Date Published: September 12, 2018
Publisher: Public Library of Science
Author(s): Igor M. Rouzine, Ganna Rozhnova, Marco Vignuzzi.
To escape immune recognition in previously infected hosts, viruses evolve genetically in immunologically important regions. The host’s immune system responds by generating new memory cells recognizing the mutated viral strains. Despite recent advances in data collection and analysis, it remains conceptually unclear how epidemiology, immune response, and evolutionary factors interact to produce the observed speed of evolution and the incidence of infection. Here we establish a general and simple relationship between long-term cross-immunity, genetic diversity, speed of evolution, and incidence. We develop an analytic method fusing the standard epidemiological susceptible-infected-recovered approach and the modern virus evolution theory. The model includes the factors of strain selection due to immune memory cells, random genetic drift, and clonal interference effects. We predict that the distribution of recovered individuals in memory serotypes creates a moving fitness landscape for the circulating strains which drives antigenic escape. The fitness slope (effective selection coefficient) is proportional to the reproductive number in the absence of immunity R0 and inversely proportional to the cross-immunity distance a, defined as the genetic distance of a virus strain from a previously infecting strain conferring 50% decrease in infection probability. Analysis predicts that the evolution rate increases linearly with the fitness slope and logarithmically with the genomic mutation rate and the host population size. Fitting our analytic model to data obtained for influenza A H3N2 and H1N1, we predict the annual infection incidence within a previously estimated range, (4-7)%, and the antigenic mutation rate of Ub = (5 − 8) ⋅ 10−4 per transmission event per genome. Our prediction of the cross-immunity distance of a = (14 − 15) aminoacid substitutions agrees with independent data for equine influenza.
Spread of many RNA viruses occurs as a race between host immune responses and rapid viral evolution. The development of treatment and effective preventive measures such as vaccines and therapeutic interference particles [1–3] requires understanding of the mechanics of viral evolution at the scale of a population. To evade immune recognition by hosts previously exposed to infection, in a never-ending chase, viruses accumulate mutations in immunologically relevant regions of the genome . Despite advances in the collection and analysis of epidemiological and genomic data, it remains conceptually unclear how epidemiology, immune response, and evolutionary factors interact to produce the observed evolution speed and the incidence of infection.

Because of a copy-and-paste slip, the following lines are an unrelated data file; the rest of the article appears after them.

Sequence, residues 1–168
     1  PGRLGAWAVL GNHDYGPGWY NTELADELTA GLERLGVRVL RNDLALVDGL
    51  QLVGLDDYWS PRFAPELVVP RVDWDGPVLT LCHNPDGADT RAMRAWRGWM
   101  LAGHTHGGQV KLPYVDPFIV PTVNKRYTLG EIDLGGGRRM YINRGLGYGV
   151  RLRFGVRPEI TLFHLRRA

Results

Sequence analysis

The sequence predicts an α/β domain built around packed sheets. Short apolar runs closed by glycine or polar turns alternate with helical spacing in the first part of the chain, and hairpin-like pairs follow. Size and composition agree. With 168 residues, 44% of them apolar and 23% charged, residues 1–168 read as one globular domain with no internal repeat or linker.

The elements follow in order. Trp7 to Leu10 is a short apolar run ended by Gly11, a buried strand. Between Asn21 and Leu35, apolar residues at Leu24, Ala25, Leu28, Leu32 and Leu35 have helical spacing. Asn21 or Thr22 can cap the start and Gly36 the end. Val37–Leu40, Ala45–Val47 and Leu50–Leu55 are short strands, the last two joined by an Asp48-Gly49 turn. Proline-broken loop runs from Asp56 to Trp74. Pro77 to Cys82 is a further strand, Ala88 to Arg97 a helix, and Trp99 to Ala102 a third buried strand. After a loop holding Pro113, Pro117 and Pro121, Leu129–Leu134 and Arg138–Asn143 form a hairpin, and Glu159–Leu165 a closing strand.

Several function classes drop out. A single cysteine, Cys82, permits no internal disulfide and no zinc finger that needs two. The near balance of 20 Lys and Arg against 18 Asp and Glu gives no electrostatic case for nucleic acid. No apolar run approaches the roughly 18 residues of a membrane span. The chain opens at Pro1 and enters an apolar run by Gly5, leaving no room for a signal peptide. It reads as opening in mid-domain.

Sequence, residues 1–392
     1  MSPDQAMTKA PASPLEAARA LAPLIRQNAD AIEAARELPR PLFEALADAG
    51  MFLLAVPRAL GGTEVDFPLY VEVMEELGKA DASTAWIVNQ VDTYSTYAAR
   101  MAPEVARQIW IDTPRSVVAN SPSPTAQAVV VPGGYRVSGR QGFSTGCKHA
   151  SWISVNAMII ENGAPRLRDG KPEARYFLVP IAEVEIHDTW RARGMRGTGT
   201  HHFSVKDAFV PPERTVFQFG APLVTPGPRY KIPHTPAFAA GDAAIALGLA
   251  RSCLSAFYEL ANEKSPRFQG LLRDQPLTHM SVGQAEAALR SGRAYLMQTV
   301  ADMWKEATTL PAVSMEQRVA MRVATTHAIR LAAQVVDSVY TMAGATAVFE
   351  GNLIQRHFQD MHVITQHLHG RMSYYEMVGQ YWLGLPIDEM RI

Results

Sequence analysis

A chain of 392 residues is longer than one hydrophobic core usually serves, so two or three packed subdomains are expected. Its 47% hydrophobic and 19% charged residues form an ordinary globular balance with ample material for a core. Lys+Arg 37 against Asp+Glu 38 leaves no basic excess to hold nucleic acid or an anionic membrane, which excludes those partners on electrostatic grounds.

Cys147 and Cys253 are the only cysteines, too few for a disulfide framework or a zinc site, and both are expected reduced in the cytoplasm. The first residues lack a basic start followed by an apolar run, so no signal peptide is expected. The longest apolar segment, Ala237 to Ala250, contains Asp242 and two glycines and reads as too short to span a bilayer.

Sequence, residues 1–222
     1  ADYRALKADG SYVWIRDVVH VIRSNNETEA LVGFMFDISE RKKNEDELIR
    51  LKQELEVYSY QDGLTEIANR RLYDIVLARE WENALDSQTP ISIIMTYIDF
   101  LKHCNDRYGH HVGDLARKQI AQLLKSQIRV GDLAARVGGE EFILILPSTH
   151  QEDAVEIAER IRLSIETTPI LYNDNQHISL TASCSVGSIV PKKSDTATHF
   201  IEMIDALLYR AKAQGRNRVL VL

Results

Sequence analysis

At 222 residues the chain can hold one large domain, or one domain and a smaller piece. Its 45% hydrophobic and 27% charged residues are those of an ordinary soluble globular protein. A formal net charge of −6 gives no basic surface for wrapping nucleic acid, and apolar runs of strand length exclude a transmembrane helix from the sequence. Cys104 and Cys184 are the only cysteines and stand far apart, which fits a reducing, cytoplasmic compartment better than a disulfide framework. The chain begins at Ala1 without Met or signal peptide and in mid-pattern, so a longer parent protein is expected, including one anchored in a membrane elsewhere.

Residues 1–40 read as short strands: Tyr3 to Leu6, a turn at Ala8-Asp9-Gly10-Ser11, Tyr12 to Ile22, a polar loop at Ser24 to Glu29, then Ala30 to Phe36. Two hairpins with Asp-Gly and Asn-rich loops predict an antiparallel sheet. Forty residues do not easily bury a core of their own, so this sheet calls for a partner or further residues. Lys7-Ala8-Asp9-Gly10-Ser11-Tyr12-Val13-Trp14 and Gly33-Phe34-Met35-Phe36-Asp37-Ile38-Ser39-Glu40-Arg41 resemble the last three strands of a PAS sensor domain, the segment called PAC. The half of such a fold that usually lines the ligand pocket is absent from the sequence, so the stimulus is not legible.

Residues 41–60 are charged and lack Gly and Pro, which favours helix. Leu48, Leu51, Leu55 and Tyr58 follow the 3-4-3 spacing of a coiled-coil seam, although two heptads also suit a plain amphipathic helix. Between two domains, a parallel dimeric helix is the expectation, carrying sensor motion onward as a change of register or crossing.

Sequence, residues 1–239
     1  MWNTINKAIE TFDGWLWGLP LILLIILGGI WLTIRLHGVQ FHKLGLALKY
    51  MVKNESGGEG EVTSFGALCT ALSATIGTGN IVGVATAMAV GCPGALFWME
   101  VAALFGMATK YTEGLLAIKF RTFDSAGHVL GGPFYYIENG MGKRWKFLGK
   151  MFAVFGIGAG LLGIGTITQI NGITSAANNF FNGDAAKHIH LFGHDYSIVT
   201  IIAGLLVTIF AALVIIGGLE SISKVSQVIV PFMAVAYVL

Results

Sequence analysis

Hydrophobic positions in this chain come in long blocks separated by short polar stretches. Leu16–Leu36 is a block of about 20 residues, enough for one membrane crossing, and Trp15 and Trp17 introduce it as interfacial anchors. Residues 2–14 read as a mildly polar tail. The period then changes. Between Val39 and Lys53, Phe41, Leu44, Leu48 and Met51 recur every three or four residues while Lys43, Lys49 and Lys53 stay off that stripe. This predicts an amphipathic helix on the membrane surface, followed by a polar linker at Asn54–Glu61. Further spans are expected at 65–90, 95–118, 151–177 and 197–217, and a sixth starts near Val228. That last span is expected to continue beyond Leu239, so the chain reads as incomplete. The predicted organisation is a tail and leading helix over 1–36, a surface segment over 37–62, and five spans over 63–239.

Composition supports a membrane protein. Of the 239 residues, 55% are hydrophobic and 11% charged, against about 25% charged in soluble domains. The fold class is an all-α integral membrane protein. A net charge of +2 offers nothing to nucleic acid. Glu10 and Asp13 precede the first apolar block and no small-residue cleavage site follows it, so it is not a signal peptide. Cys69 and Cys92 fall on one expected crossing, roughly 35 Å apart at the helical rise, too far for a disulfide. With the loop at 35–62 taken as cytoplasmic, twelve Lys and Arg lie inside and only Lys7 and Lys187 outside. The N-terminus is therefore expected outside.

The model described in the previous section establishes a general analytic relationship between immunological, epidemiological, and evolutionary properties of a virus causing non-chronic infection. Using the analytic approach described in the previous section, below we predict the evolution speed, the incidence of influenza in a population, and the time to the most recent common ancestor. Then, we test analytic results with stochastic simulation and compare them to available data on influenza strain A H3N2.
We investigated stochastic evolutionary dynamics of a virus driven by the pressure to escape immune recognition in previously infected individuals. We mapped this problem to an evolutionary model with fitness landscape expressed in terms of the cross-immunity function K(x) (Fig 2). Stochastic evolution occurs as a traveling wave with two population components structured in the antigenic variant space x, recovered individuals and the currently infected individuals, with different widths and total counts (Fig 1). The recovered distribution is broad and large. The infected distribution represents a narrow and small peak at the recovered distribution front. We expressed several observable parameters including the speed of viral evolution, the annual incidence of infection, and the average time to the most recent ancestor in terms of model parameters N, Ub, R0, K(x) (Table 1). The analytic predictions agree with simulation and are able to estimate correctly important parameters of viral evolution in host populations, as we illustrated using genomic data on influenza.
Merging the standard epidemiological approach and the modern traveling wave theory, we develop a general analytic approach that connects epidemiological and immunological parameters to the observed parameters of influenza evolution. We demonstrate that the distribution of recovered individuals in the genetic space effectively creates a fitness landscape for the infected individual distribution, and both distributions move together along quasi-one-dimensional path. Our predictions demonstrate a good experimental agreement with data on influenza A H3N2.